You can enter the $250 gift card giveaway on both my first review post and my second review post. Nineteen other bloggers are also giving away $250 Best Buy gift cards, and BlogHer is giving away four laptops. The contests end December 22nd, and all the details are here. Good luck!

So how was your fall growing season? Did anything from the garden grace your Thanksgiving table? Is anything still going on in your garden now? Any seeds ordered yet?

©, the turtlenecking foodie farm blog where the peppery zing of yesterday's freshly picked volunteer arugula was (with the help of some freshly grated Pecorino Romano, a few kalamata olives, and a drizzle of Easy Homemade Buttermilk Ranch Dressing) the perfect accompaniment to a hearty dinner of Slow Roasted Lamb Shoulder with Tomatoes, Onions, Garlic, and Rosemary and rice. And a glass of red wine of course.


  1. I enjoy reading your blog very much and I am glad to hear that you were able to harvest so much out of your fall garden. Being in the San Francisco Bay area, I don't think that the Fall garden stops before it is time to plant for spring. I am harvesting swiss chard, kale, arugula, and beets. The onions, garlic, red cabbage, peas of various kinds, and fava beans are growing well. Thanks for inspiring me to plant garlic! I even have a couple of grape tomatoes and figs slowly ripening.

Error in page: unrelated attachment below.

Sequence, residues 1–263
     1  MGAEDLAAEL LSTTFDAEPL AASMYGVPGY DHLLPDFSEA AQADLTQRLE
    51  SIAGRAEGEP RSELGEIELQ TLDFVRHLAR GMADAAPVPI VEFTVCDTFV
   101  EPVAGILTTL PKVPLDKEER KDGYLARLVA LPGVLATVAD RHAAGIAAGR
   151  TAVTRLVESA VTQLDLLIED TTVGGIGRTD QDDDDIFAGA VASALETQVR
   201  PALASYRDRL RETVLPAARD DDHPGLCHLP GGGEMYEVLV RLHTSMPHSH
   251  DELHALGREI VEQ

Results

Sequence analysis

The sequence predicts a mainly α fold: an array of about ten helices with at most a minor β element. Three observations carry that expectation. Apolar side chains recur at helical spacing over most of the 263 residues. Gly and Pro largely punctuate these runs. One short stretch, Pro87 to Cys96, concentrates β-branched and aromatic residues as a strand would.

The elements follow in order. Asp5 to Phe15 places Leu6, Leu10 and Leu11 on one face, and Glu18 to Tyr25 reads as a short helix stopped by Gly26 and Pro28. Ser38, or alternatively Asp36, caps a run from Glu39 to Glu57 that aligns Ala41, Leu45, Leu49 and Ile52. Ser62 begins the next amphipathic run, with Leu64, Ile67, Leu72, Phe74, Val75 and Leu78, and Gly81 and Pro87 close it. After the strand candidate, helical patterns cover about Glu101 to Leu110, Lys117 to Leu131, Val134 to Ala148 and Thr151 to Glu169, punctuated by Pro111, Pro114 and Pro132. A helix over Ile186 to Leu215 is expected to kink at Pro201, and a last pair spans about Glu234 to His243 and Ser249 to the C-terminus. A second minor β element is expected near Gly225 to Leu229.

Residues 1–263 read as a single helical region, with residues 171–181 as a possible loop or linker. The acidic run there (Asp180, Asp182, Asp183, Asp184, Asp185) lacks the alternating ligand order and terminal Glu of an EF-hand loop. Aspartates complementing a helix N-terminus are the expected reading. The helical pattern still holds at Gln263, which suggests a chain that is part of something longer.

2. At Thanksgiving we ate radishes and arugula in our salad from my small hoop house. I live in southern New Hampshire.

  3. LOTS of seeds ordered (I'm a junkie), and here's what my winter garden is up to:

  4. So how was your fall growing season? We got some carrots, lost some lettuce. Nothing much, just enough for a salad. I think our season is over, but we can start planning for spring!

  5. I still need to mulch my garlic bed. That's on my list of things to do.

  6. From the garden to the Thanksgiving table: leeks, potatoes, butternut squash, and some herbs for the trout. (We did have a turkey, but we always have a fish too if my husband catches one right before Thanksgiving--he usually does.)

    Still in the garden are some late-planted beets, carrots, and potatoes that OOPS should have been dug up before it snowed six inches. Plus leeks and parsnips that I never did get covered with leaves so add that to the list of things this year that I meant to do and never got to; chard that may be dead after our very cold nights and lots of snow; and the seriously hardy collard greens.

  7. Mary from MadisonDecember 07, 2010 7:27 PM

    Try the arugula with roasted corn( or toasted in a cast iron skillet since grilling season for corn is past), kalamata olives, very thinly sliced red onion, garlic smashed and added to olive oil and lemon juice and topped with freshly grated parmesan....I must make dinner sooooon...

  8. I still have beets, spinach,lettuce, and carrots outside, thought we have had a low of 12F here in the middle of New Mexico. Blankets have kept the garden still growing so far.